We are drowning in information and starving for knowledge.
—Rutherford D. Rogers
When you refer to a car, most people know what you mean. Sure, depending on where you live, you may call it an automobile, voiture, or coche. That’s not to say, though, that all cars are created equal. They are not. Souped-up Porsches and Lamborghinis run hundreds of thousands of dollars, while used Pintos cost mere hundreds. Some cars run only on diesel fuel, and an increasing number require no fuel at all—and then there are the hybrids. More distinctions are on their way. Soon some cars will drive themselves. Others already do—sometimes. Tesla currently sports a semiautonomous model, the Model S.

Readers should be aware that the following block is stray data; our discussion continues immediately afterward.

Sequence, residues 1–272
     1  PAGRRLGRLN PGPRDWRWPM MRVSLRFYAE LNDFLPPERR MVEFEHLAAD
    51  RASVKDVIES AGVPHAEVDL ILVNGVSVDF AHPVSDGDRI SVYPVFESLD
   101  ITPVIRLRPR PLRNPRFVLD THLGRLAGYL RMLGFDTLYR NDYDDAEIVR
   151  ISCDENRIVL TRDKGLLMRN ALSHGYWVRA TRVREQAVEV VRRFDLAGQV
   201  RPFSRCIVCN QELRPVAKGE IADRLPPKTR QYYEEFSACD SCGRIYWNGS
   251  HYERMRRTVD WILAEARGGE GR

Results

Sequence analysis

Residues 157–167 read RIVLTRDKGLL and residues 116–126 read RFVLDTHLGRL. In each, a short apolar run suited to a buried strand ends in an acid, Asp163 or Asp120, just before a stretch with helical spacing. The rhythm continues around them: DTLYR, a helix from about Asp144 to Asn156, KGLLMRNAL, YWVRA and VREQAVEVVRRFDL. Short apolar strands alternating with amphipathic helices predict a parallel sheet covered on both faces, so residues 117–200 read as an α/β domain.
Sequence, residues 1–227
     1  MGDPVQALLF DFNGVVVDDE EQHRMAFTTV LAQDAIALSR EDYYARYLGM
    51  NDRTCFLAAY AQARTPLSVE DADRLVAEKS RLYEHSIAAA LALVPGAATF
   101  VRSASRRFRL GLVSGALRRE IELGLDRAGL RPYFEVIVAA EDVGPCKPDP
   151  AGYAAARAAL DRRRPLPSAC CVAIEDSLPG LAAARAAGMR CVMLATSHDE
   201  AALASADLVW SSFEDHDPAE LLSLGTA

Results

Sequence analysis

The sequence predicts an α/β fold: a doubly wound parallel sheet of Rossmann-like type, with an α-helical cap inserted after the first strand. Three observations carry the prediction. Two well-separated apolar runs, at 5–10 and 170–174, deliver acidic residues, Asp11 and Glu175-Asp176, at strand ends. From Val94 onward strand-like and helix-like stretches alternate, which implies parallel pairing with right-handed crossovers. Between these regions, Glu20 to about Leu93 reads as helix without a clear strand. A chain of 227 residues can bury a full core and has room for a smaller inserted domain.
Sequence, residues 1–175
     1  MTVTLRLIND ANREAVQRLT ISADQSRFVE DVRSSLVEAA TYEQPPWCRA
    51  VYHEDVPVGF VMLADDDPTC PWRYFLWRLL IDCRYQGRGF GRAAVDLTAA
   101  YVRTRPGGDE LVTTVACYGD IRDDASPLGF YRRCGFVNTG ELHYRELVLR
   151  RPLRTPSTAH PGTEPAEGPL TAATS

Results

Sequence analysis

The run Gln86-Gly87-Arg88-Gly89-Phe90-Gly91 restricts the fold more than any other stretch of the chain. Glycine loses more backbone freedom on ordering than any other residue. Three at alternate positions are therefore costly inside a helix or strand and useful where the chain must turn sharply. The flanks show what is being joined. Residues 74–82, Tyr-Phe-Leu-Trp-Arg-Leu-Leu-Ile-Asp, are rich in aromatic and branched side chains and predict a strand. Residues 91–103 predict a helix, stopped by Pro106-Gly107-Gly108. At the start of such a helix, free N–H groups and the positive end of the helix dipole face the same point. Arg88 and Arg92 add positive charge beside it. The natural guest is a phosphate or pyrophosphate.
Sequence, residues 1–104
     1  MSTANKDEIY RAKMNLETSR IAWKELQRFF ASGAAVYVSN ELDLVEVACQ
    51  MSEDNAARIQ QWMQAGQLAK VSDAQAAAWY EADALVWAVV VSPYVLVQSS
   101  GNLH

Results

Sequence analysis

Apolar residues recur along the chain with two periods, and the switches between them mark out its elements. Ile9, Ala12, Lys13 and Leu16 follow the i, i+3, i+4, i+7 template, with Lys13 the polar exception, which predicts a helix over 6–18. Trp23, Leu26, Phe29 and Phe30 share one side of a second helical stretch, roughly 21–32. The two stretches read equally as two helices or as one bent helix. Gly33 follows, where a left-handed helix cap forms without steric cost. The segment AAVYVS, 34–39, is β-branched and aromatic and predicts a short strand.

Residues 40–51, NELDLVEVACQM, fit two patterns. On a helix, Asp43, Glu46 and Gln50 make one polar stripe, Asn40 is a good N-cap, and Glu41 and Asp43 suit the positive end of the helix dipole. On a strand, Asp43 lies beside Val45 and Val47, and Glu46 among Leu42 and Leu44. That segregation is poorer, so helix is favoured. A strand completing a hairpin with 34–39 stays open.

TYPES OF DATA
But does the same hold true for data? Does everyone immediately know what you mean when you use the term?
For those looking to really apply analytics, the umbrella term data represents an ultimately unfulfilling starting point. The type of data at your disposal governs much of what you can do with it and how you need to do it. Against that backdrop, when we talk about data, we’re really referring to four different kinds:
Let’s briefly explore each.
When laypersons and even many professionals think of data, they usually picture Microsoft Excel. Perhaps they conjure up lists of sales, leads, employees, paychecks, and transactions. ...